Are You Ready for Change?

Are You Ready for Change?

 

Change.

That word. That scary word that drives some of us to build a fort with couch cushions and hide there forever. But is it what you need to take your performance to the next level?

Fear changeFirstly, you need to be clear on what it is that you want to change, what is holding you back and why.

Is it your diet? Have you been procrastinating about seeing a personal trainer? Do you need to quit smoking? Is it all just a little overwhelming?!

Well, pinch yourself really hard. Did that hurt? Good, it’s a reminder that you’re still human.

These points should also remind you:

  • People arrive at different stages of readiness for change;
  • People need help to make change more sustainable;
  • Relapse is what normal people do;
  • People don’t lack the resources, they lack the motivation.

Assess Your Readiness

This is where it gets a little technical. Research shows that people who successfully change their behaviour go through a series of stages and they can go through this cycle three to four times, before reaching their ultimate goal. The Transtheoretical Model of Behavior Change was discovered by a Professor in Psychology and he was one of the most influential authors in Psychology in the U.S.

Reference: http://www.prochange.com/staff/james_prochaska.

What happens in vagueness, stays in vagueness.

Recognising where you are in the cycle will help you take the actions necessary to move forward:

Stage 1 - Precontemplation: You have no intention of changing your behaviour and deny having a problem. Friends and family may recognise the problem before you do.

Stage 2 – Contemplation: You have acknowledged a problem and you are starting to think seriously about solving it. In this stage, you may have vague plans to make changes, however, you are not ready to take action yet. Remember, what happens in vagueness, stays in vagueness.

Stage 3 - Preparation: You are planning to take action in the near future, however, you may not have resolved your ambivalence and you are still assessing whether it’s the right decision. An important step during this stage is to make your intention public.

Stage 4 – Action: This is where you have made the modifications to your behaviour and the surroundings to support the goal you wanted to achieve. At this stage, it is important to realise that while your actions will be more noticeable to others, it is not the only stage during which you can make progress toward overcoming your problem.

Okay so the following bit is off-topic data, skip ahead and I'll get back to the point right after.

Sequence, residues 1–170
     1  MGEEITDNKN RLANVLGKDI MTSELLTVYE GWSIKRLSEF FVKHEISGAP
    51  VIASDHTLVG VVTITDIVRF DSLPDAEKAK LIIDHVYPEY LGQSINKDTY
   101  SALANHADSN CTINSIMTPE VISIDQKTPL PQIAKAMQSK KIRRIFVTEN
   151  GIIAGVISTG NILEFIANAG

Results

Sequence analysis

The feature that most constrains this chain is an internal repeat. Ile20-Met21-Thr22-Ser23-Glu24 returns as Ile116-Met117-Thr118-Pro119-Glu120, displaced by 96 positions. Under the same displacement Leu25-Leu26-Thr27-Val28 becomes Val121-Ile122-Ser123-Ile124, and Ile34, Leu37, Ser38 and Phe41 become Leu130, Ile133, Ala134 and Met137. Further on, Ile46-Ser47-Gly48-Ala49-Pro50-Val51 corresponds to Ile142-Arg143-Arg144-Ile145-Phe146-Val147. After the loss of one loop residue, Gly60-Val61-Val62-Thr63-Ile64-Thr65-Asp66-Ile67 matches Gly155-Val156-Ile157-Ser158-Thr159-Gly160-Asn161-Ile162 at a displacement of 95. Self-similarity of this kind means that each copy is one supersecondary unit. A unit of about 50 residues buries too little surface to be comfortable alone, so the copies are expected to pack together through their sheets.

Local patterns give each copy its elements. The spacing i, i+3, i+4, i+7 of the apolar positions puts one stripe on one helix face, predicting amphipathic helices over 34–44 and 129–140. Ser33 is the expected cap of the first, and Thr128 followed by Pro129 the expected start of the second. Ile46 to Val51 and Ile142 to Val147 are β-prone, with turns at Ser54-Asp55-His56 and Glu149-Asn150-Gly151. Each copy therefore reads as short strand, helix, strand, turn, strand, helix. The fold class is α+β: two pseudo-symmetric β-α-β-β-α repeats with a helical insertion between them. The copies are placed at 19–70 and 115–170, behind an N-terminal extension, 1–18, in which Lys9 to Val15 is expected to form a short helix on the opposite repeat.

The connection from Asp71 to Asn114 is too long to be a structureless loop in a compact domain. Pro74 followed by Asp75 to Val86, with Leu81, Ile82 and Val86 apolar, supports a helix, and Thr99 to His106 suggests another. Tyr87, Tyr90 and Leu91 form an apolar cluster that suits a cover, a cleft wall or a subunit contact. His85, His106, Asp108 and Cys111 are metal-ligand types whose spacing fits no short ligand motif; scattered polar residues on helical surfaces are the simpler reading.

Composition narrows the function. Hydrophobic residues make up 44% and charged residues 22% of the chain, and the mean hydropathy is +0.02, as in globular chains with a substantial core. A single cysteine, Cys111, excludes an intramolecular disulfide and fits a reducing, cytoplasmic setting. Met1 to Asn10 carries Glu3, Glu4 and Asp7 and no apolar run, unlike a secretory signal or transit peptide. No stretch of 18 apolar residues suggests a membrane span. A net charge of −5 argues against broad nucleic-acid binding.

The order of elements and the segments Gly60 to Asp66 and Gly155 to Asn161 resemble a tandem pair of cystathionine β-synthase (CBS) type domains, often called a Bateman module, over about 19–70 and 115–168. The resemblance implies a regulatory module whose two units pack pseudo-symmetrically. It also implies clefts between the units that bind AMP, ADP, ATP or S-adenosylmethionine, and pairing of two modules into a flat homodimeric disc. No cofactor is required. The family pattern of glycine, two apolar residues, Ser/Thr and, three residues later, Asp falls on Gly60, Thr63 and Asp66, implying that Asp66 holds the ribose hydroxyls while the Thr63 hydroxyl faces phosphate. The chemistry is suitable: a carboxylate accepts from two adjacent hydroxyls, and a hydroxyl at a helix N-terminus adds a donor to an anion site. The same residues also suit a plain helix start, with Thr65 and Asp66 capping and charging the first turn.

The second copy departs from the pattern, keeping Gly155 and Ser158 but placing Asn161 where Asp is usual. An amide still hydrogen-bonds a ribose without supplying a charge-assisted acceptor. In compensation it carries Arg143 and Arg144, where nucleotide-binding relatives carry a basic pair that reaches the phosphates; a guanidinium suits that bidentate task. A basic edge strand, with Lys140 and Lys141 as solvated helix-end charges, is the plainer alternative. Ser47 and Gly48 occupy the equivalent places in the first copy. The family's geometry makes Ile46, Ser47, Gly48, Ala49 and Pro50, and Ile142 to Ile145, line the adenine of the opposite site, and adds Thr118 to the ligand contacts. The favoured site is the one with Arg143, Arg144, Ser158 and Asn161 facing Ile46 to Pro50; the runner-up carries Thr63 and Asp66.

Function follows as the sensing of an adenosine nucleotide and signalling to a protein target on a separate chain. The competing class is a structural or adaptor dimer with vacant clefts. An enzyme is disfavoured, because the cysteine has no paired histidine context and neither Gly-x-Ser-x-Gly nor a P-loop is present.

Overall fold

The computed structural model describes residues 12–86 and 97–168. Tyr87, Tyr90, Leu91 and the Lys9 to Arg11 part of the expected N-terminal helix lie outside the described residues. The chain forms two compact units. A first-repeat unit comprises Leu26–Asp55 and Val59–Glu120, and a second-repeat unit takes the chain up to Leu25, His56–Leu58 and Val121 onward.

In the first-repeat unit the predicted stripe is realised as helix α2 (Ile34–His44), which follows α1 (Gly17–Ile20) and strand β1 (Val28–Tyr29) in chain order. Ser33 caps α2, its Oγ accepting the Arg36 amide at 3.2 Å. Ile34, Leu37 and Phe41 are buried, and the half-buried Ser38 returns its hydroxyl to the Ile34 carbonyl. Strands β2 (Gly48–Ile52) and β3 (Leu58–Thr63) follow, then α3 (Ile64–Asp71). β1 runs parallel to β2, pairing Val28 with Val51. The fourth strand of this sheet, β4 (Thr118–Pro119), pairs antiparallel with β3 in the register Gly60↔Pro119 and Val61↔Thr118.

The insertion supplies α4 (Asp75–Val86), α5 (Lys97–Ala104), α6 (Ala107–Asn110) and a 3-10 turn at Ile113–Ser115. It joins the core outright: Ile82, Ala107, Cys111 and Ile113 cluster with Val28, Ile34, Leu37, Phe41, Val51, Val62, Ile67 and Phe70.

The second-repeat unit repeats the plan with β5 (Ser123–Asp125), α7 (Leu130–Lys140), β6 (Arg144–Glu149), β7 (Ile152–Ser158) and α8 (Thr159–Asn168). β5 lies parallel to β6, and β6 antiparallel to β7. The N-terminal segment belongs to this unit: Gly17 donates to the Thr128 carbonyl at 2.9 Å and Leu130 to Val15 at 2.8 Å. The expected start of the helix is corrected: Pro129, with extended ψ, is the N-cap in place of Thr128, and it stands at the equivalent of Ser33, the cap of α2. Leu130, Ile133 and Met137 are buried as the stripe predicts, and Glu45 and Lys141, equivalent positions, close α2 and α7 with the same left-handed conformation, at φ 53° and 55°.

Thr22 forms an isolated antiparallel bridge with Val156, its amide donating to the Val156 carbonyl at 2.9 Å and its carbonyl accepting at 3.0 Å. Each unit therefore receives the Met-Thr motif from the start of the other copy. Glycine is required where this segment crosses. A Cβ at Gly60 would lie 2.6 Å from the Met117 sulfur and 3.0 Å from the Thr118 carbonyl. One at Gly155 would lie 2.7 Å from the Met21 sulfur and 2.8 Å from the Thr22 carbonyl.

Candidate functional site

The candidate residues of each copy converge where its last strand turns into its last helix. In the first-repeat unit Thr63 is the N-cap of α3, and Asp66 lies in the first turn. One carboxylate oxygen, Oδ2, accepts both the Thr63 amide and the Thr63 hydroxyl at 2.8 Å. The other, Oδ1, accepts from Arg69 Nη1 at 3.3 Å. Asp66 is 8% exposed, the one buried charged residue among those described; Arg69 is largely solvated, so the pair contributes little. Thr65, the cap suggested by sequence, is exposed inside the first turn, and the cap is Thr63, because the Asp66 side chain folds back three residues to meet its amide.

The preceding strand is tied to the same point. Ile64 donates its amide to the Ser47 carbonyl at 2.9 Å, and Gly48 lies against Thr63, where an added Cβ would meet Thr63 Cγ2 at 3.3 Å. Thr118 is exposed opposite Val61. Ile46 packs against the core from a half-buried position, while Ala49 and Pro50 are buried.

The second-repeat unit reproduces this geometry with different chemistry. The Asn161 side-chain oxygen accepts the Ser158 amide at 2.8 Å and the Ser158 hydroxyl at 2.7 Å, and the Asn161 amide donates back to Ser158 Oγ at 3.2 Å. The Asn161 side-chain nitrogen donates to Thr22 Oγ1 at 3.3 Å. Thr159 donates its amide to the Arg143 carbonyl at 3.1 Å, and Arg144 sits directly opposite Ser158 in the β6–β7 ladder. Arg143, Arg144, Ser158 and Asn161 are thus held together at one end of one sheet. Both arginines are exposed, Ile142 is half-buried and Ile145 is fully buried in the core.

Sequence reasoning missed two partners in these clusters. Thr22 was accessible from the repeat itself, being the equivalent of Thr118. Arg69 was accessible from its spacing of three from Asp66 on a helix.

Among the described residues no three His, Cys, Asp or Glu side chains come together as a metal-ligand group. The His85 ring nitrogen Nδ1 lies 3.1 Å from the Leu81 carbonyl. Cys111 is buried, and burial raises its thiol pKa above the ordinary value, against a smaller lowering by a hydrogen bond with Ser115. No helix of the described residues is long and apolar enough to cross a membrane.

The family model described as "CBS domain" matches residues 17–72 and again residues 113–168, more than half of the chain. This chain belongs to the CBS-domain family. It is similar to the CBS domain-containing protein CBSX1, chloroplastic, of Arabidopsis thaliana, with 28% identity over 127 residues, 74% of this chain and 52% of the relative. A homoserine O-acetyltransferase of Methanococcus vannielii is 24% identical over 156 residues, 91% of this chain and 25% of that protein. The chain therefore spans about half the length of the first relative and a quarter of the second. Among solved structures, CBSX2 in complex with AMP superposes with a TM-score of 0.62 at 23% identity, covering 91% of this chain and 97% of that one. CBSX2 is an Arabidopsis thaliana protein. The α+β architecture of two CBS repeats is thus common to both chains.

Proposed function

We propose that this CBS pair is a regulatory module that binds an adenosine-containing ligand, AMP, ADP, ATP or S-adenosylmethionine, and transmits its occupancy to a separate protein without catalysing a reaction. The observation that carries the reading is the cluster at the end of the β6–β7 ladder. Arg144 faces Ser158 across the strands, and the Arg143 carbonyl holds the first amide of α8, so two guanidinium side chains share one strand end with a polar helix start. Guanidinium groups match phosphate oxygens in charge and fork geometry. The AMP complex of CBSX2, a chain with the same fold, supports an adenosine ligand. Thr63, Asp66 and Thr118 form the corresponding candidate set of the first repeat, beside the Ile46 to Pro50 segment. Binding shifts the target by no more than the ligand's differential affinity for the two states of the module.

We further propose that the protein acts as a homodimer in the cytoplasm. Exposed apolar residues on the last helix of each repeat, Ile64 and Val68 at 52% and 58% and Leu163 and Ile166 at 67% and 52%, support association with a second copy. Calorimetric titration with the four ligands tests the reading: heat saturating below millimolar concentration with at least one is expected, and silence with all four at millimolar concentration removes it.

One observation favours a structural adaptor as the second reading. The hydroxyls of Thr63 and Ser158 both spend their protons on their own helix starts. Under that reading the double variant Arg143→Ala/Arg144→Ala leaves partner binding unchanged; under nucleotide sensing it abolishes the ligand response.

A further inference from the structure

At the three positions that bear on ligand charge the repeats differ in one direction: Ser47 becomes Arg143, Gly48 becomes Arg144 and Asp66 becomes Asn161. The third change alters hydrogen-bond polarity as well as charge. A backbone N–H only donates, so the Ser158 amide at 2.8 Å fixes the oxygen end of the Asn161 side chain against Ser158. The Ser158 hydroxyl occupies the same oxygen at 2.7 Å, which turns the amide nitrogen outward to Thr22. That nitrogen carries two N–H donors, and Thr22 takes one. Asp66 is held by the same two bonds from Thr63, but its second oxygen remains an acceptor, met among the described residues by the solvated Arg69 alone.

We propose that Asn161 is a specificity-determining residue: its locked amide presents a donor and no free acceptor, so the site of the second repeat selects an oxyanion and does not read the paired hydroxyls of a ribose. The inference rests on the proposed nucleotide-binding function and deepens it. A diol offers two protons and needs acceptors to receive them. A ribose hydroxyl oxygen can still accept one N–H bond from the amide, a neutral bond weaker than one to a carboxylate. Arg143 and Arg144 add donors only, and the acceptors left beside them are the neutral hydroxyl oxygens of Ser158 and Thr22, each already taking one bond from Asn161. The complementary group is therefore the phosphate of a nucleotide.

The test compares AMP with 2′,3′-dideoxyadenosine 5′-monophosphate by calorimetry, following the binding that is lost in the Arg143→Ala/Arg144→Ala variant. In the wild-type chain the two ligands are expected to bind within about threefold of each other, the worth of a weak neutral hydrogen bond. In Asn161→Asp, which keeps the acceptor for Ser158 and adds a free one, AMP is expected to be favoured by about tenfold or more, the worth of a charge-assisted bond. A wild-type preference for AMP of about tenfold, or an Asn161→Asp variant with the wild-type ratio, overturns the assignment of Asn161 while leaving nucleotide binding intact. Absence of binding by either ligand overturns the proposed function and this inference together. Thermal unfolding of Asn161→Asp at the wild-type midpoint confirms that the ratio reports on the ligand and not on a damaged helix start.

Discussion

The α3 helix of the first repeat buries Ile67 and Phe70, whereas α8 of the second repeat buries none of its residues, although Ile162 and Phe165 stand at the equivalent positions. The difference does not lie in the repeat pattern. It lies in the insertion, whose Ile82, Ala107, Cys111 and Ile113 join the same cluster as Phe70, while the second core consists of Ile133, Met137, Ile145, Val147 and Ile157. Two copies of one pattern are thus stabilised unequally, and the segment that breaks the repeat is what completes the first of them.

Stage 5 – Maintenance: This stage is an ongoing and critical process. Consolidate the gains you have made but remain alert and work to prevent relapses.

Stage 6 – Termination: This stage is reaching your ultimate goal. No further effort is needed and you will exit the cycle of change.

Reference: http://www.takingcharge.csh.umn.edu/activities/stages-readiness-change

Help - I Need Somebody

Help

If you’re not that experienced in facilitating your own change, there are many resources available to us these days. The internet, word of mouth and a large range of health practitioners. Don’t underestimate the wealth of knowledge and contacts your current professionals may have to help you achieve your health and performance goals.

https://healthengine.com.au/findapractitioner.php
http://www.physioadvisor.com.au/find-a-physio/

How do I get this thing called motivation?

You could start by putting your pen to paper. By writing down what you want to achieve, it may trigger some ideas around your goal and help you to plan some realistic steps to achieve it. Here are a couple of example forms that can help:

http://www.nutrition411.com/content/change-motivation-worksheet
https://infolink.ti.com/ext/health/livehealthy/docs/Getting_Motivated.pdf

Pay attention to your language

Negative

As soon as you put the words “I can’t” or “I don’t” into a sentence, you are already turning it into a negative. If you focus on what you ‘can’ do, then you’re already pushing yourself in the right direction.

Remember:

whether you think you can

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